Yep, the Nikon D850. A friend/client/mentor who I do photo editing for called me (a day after I was praying fpr guidance about whether I should give up photography or not) and told me he wanted to fly me down to Texas and give me all his Nikon gear. That was a huge surprise and a blessing (I think! We'll see) He gave me that camera and two excellent lenses to go with it. Since then I've been feeling the spark.
In May, I started getting film related gear handed to me? I got an awesome darkroom enlarger from the 70s, a ton of paper for darkroom printing, a film camera, and a book on darkroom printing, all from various sources. I still don't have everything I need to set up a darkroom, but dang! It feels like a nudge in a certain direction, lol.
After that all went down, I shot two portraits with the D850. The first portrait was of my friend Pete, who I've talked to you about. When he saw the photograph, he told me that he didn't like portraits of himself, but that he really liked that portrait. He told me I captured him for who he is. Then I took a portrait of my friend Veronica. She was telling me how she didn't feel photogenic, that she looked quite weird, but I really wanted to photograph her and I was hoping it would make her feel better as well. When she saw her portrait, she told me she'd never seen herself that way before! This felt like two successes, insofar as I was able to bring some happiness to other people through my craft. I'm very grateful for this.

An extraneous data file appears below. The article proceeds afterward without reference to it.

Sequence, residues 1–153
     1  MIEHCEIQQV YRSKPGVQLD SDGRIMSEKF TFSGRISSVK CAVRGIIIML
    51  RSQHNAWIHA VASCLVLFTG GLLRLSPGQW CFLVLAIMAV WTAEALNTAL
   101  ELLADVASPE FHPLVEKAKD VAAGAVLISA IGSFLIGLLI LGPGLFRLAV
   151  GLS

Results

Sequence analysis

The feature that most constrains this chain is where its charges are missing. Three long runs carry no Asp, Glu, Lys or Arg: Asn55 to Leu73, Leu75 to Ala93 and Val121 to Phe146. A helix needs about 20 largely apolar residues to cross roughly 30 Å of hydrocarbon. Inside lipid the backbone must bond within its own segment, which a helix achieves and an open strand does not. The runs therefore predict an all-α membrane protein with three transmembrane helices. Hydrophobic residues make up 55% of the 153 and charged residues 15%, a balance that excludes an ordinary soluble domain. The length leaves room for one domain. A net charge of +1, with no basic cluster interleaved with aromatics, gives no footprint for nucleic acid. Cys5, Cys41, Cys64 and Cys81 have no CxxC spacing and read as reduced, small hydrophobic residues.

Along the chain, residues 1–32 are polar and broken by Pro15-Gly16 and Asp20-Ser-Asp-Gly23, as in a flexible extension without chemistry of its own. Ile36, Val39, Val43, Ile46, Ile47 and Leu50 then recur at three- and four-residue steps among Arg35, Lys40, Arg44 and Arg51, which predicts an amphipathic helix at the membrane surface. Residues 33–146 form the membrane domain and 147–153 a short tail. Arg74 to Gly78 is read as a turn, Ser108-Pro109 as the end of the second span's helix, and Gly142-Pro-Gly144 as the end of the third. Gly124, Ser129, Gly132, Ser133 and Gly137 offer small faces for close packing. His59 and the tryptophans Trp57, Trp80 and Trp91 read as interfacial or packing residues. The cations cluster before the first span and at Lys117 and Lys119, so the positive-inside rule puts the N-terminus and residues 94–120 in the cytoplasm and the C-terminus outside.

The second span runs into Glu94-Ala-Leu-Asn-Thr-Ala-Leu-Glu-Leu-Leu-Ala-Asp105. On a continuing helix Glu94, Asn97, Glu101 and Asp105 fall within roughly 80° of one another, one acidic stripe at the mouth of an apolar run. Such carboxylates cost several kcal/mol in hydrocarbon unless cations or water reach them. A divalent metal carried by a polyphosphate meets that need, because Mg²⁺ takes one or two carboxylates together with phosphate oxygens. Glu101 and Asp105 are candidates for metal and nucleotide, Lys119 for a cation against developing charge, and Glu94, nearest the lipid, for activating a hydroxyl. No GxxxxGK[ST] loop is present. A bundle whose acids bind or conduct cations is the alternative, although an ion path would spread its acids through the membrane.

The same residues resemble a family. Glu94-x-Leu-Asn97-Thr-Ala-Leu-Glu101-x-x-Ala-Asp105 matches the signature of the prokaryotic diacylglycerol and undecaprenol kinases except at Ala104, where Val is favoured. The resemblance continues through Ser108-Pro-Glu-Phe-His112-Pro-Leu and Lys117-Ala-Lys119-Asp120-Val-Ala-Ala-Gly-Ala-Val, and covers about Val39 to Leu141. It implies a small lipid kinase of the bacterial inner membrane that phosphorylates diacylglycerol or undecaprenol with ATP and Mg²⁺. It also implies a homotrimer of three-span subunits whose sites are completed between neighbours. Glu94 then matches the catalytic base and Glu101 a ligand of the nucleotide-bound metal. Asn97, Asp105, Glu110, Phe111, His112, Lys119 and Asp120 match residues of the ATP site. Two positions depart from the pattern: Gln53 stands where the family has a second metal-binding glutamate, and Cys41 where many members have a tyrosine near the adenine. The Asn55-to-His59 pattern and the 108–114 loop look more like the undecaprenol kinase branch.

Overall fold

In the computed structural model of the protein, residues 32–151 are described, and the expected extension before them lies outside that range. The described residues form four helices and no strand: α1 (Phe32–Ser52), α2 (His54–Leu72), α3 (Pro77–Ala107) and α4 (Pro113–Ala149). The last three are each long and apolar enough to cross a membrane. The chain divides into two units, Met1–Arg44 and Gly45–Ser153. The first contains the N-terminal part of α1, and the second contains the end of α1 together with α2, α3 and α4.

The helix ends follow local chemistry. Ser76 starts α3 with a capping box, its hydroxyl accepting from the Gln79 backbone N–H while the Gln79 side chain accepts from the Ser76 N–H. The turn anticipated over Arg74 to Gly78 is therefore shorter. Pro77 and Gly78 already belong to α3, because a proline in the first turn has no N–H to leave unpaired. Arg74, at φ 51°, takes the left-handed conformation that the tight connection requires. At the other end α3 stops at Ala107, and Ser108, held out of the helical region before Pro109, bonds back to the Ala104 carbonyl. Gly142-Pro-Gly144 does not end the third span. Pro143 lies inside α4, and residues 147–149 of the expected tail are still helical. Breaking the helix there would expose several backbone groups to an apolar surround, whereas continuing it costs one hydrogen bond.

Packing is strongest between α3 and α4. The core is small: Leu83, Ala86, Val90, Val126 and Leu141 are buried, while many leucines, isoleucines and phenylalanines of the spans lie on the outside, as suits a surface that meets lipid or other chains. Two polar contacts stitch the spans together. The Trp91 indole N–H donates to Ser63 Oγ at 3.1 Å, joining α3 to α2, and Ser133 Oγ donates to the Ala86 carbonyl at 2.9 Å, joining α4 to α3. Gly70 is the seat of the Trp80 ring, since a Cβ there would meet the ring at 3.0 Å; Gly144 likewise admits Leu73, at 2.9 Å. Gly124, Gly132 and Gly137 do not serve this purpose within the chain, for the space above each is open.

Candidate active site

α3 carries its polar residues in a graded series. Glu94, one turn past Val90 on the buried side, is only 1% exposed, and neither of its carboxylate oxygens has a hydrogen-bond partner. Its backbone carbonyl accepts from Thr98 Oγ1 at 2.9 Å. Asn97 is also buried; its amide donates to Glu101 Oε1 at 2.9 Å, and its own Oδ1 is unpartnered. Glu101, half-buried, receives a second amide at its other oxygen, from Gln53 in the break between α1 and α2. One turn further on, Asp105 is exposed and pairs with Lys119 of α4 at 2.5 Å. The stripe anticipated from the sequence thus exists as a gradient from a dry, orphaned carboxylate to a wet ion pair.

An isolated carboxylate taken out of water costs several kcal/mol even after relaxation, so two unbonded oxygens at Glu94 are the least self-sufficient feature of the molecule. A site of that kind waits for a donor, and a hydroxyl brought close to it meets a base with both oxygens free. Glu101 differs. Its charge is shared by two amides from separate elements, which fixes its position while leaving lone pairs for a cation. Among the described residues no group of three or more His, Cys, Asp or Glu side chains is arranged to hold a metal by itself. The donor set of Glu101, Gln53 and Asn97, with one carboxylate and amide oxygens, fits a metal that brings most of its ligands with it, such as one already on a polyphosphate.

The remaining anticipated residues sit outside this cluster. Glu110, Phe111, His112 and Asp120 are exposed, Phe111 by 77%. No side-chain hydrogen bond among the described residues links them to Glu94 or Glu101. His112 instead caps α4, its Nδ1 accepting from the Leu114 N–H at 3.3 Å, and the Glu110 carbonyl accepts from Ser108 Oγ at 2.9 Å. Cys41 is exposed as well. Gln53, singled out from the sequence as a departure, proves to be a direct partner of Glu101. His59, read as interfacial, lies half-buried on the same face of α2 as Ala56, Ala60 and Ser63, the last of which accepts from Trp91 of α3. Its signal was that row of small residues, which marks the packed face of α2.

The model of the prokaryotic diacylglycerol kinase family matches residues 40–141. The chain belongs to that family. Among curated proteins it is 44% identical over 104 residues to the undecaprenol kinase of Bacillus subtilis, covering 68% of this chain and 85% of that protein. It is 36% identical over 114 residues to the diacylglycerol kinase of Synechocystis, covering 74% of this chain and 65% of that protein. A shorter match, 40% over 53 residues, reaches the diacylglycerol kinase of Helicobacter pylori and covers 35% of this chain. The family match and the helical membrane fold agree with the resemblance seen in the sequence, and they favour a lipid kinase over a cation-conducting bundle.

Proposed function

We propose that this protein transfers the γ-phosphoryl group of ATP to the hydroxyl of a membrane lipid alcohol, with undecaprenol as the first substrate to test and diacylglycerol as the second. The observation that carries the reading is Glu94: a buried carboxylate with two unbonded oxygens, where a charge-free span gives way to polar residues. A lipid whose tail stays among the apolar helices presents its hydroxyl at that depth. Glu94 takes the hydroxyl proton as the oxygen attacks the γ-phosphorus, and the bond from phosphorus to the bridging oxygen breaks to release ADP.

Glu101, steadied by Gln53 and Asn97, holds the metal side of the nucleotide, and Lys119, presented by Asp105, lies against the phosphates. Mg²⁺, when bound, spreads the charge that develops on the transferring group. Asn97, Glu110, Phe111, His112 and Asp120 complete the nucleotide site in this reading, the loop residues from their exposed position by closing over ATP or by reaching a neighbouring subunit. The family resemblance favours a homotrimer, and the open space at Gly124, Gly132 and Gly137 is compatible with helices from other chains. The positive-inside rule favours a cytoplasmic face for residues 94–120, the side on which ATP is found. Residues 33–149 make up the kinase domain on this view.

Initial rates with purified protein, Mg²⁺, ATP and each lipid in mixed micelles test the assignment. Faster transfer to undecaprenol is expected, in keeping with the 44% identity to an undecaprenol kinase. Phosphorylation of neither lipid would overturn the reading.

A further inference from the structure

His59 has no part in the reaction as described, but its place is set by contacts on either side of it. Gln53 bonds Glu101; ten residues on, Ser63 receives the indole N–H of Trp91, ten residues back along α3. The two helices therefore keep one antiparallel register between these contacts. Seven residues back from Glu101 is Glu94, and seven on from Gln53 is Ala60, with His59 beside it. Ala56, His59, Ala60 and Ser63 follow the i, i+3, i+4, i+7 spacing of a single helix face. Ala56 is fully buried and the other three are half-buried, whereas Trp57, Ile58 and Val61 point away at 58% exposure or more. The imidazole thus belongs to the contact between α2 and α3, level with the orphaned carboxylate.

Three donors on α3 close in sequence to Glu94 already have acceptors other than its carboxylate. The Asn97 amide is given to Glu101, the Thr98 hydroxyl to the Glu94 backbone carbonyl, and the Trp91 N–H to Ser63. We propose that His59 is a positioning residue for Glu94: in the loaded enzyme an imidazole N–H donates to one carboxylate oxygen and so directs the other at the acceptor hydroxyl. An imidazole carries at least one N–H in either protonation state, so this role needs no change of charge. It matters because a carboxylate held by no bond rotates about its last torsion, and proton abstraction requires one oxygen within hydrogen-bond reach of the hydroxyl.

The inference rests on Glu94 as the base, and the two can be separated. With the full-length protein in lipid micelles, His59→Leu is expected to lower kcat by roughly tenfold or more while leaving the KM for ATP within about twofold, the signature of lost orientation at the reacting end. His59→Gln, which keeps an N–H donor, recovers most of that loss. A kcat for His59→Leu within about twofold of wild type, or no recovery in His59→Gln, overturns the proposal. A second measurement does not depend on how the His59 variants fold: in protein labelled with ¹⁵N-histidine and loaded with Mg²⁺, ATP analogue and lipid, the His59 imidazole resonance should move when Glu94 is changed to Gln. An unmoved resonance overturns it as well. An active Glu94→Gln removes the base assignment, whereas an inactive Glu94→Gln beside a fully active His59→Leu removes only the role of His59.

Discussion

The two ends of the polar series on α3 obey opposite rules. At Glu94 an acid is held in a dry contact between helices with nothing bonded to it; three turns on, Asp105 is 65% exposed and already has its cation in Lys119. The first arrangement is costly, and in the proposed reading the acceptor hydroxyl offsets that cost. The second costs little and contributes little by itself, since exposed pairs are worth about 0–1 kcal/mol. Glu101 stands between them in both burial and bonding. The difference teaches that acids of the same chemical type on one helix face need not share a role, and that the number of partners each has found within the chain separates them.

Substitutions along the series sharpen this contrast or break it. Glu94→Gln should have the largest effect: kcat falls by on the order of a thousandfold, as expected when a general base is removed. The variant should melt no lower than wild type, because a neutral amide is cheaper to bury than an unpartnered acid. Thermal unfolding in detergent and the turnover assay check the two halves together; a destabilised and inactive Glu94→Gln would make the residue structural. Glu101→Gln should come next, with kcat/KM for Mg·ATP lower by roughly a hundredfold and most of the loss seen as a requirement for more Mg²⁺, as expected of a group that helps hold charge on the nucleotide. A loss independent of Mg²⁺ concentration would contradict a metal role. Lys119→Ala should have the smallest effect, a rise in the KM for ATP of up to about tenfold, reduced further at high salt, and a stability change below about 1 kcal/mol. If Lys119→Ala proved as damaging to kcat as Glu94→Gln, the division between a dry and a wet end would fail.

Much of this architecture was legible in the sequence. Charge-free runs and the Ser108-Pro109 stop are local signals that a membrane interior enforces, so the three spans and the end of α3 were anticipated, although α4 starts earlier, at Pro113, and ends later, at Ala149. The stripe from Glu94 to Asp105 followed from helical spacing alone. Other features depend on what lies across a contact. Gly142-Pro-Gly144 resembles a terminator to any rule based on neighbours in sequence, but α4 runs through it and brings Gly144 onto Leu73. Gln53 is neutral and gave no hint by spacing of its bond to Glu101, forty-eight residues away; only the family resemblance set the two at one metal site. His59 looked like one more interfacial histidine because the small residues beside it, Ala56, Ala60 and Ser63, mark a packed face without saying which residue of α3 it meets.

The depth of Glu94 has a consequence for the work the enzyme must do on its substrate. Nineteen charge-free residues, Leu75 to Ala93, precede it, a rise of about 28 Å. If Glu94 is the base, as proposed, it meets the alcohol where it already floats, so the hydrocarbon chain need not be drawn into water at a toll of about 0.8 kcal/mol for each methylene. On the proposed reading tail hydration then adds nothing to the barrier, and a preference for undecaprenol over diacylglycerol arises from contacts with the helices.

Here are the portraits:
In short, I'm still figuring things out. I applied for night shifts at 7-Eleven as I have experience, but I'm not sure I want to do that. I also had someone at a recording studio telling me they can't pay me hourly, but that they want me to become the resident photographer at the studio, suggesting I might be able to making career connections there. I think I might also apply for a realestate photography gig.
It's weird. I can't predict the future. It reminds me of that proverb about not boasting about tomorrow, because no one knows for sure what's coming around the bend. 6 months ago I was ready to give all my equipment away and quit photography for good. I felt defeated. Now I just want to take photographs again.
I hope you're all doing well, and that you are having a wonderful season.